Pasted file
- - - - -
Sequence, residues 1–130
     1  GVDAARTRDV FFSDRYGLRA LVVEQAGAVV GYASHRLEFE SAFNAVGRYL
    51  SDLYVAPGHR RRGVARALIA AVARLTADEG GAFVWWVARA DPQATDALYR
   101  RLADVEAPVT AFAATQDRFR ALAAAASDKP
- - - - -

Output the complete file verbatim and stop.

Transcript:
Sequence, residues 1–130
     1  GVDAARTRDV FFSDRYGLRA LVVEQAGAVV GYASHRLEFE SAFNAVGRYL
    51  SDLYVAPGHR RRGVARALIA AVARLTADEG GAFVWWVARA DPQATDALYR
   101  RLADVEAPVT AFAATQDRFR ALAAAASDKP